You have perfectly encapsulated my opinion on this. There is room for both approaches. Once children start nearing puberty, it's time to let them in on how the real world works.
Until then, let 'em have some fun and run around.
That's not for me to decide, but I do have evidence that could put him in the conversation:
James Harrison. Big man with an even bigger heart. I still would be terrified to the point of soiling myself if I had to line up across from him on Sundays.
Indeed, were I to have children, they would definitely not be a professional athlete if they got most of my genes. They would have a middling-to-subpar athletic resume that would end after high school.
My wife's side is a different story. Her brothers stand 6-8 and 6-10. Fingers crossed that our children take after that side of the family if they end up interested in sports.
No Filter Sports,
How did I get this job? Hmmm, all I can say is never underestimate the power of damning photo evidence.
This didn't happen by accident, folks. I definitely blackmailed my way in the door, like a real American.
Indeed. I plan to instill the following beliefs into my daughter or son right from birth:
1. It's weird that Luke Skywalker mouth-kissed his sister.
2. The Boston Celtics are the devil.
3. Magic Johnson and Kareem Abdul-Jabbar rank higher than Michael Jordan on the list of greatest basketball players in history.
3. Stryper is a horrible band.
Anything else they want to believe is up to them.
I can see that. I was happy when I was presented with a trophy at the end of every Little League or rec league basketball season. I had a small collection of them on my dresser.
Then the years passed. As the athletic competition got tougher, my skills failed to progress and I never added to my modest number of trophies. Soon, they became an albatross. A constant reminder of all my sporting failures.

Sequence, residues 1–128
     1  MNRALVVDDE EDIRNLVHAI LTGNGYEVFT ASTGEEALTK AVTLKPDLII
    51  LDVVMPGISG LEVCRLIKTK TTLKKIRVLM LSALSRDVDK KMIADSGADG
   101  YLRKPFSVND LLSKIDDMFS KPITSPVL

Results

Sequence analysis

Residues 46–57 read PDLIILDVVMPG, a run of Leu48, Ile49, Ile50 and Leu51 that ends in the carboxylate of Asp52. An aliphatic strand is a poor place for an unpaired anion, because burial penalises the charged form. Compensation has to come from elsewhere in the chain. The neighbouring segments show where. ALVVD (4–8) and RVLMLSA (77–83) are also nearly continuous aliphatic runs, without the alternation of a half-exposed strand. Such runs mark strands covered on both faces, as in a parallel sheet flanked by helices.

I became haunted by them as they taunted me with their presence. I would wake up in the middle of the night in a cold sweat and see the faint glow of that cheap gold paint standing out in the darkness.
"Why? Why wasn't I blessed with the God-given ability or desire to be a superstar athlete?"
Eventually, I burned them all and watched the smoke rise like Skywalker in front of Darth Vader's funeral pyre.
I'm kidding. None of that happened. The trophies are somewhere in my parents' garage gathering dust.
I'm trying to bring back the Whig Party. I like saying "whig." Whig, whig, whig. Make sure to pronounce the 'wh' sound in the word. Makes it better.
Whig, whig, whig, whig . . .
Yes, yes. You can't succeed at something without participating in it. Thank you, Mr. Literal.
I'm not sure the state of the American education system has anything to do with us giving out participation trophies to children.
However, your opinion is just a step or two away from:
I love it. As I get older, my "you damn kids" attitude grows.
Damn right. It's always the parents' fault. I can't wait to have children and completely drop the ball.
Alrighty, I'm gonna read some child development books and get ready for parenthood.
See you next time!